Bulelwa sat in the dark with Gogo. A couple of hours previously the electricity had gone off. She lit a candle.
Once or twice she had ventured outside, as the evening drew in. She saw, with alarm, that the sky had suddenly turned red to the right of where she was standing. Every evening that same piece of sky used to turned a gentle orange as the sun set. At first, she thought it was that. Just another sunset, made a more violent crimson because of the smoke in the air.
But then it grew! The glow of red grew and grew, until the whole sky on that side was one huge glowing fireball. Standing outside she could hardly breathe. The dense smoke was catching in her throat.
“The big houses of the rich are burning!”
Bulelwa turned as she heard Lunga’s voice behind her. He was standing with his friends and laughing.
Suddenly there was a very loud explosion, like a gunshot, but near. Bulelwa covered her ears and closed her eyes. Lunga laughed even louder.
“That’s the sound of gas bottles exploding, you stupid girl! Gas bottles in the houses, exploding as the houses are burning! Sipho and the others have already been in those streets and picked up a few! As all the fools were fleeing they moved their bottles onto the pavement – for us to pick up!”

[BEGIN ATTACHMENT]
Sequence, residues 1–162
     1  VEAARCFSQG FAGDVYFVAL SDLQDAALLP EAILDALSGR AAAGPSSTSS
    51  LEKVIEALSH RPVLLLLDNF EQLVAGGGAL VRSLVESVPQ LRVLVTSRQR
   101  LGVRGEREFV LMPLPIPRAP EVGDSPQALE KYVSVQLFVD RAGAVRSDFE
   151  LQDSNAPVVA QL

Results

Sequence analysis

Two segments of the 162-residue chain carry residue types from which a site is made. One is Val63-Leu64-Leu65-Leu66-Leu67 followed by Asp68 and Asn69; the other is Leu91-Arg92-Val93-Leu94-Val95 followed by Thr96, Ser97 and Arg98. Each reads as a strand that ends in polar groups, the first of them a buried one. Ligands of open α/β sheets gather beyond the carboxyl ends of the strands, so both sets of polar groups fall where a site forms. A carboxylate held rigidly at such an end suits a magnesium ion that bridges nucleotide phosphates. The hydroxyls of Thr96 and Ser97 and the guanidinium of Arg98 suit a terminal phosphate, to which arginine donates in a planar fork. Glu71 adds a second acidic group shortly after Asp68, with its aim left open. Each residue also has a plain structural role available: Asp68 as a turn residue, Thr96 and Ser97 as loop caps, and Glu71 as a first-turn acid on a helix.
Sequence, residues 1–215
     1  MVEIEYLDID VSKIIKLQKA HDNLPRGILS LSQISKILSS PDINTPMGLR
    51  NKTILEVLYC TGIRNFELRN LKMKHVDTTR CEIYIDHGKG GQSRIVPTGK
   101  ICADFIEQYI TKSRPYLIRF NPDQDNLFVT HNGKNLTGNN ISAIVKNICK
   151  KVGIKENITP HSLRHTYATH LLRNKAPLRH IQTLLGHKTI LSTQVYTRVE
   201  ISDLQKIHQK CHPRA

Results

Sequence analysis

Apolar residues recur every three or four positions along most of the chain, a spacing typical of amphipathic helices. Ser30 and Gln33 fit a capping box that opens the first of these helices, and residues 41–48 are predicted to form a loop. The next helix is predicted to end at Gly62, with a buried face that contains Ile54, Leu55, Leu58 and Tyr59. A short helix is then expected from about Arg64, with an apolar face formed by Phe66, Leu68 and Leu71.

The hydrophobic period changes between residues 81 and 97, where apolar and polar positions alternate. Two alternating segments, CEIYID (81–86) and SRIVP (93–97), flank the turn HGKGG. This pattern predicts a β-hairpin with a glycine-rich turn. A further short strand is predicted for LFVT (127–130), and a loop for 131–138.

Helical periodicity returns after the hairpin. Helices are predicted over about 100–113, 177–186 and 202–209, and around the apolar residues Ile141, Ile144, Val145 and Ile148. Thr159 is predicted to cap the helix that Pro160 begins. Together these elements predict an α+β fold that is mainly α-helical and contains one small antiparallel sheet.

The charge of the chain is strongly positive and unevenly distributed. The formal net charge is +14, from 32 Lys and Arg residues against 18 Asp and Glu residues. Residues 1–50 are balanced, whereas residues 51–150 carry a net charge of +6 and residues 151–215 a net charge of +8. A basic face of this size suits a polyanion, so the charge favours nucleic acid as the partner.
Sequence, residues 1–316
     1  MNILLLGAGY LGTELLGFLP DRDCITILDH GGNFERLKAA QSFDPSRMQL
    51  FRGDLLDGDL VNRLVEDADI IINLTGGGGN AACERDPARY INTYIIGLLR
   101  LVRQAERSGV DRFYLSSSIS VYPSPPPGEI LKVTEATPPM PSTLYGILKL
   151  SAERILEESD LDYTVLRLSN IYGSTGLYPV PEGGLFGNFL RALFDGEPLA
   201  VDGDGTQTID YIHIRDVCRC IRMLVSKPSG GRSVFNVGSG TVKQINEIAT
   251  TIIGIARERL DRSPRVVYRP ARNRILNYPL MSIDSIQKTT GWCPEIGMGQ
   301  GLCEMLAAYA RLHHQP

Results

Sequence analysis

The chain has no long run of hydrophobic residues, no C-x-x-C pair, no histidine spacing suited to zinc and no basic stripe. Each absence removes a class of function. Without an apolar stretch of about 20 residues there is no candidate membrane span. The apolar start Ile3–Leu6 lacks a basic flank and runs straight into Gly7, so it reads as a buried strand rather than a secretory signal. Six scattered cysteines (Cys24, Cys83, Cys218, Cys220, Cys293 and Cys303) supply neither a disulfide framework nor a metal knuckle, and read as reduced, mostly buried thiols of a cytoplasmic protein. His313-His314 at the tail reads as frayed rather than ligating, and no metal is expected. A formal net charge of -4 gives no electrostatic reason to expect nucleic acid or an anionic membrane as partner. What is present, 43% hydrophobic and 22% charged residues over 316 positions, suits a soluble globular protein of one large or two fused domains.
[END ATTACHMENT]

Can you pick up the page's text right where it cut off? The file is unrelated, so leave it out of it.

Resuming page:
Lunga laughed again.
“You disgust me!” said Bulelwa angrily. “You and your friends! There are girls in my class, friends of mine, who live in those houses.”
Lunga sneered. “And that’s not all they have left behind. There are cars in the garages and computers and screens and other stuff. The fools are so terrified that some of them even forget to lock the door as they went.”
Bulelwa blocked her ears again as more gas canisters exploded. Lunga had left, disappeared into the smoke.
Bulelwa’s eyes were burning and she ducked to avoid a huge burning ember that suddenly appeared in the boiling air and came spinning towards her. She rushed inside, being careful to open the door as little as possible, to try to keep the smoky air outside. Inside the house Gogo was still coughing continuously.
“What is that sound?” Gogo asked. Bulelwa could hear that she was struggling to breathe, and there was fear in her voice. Bulelwa paused.
“Exploding gas bottles,” she said softly.
She was trying to dampen a towel for Gogo to put over her mouth and nose, so that she could breathe easier.
Tell us what you think: Will Lunga stay to protect his sister and grandmother? What is he planning?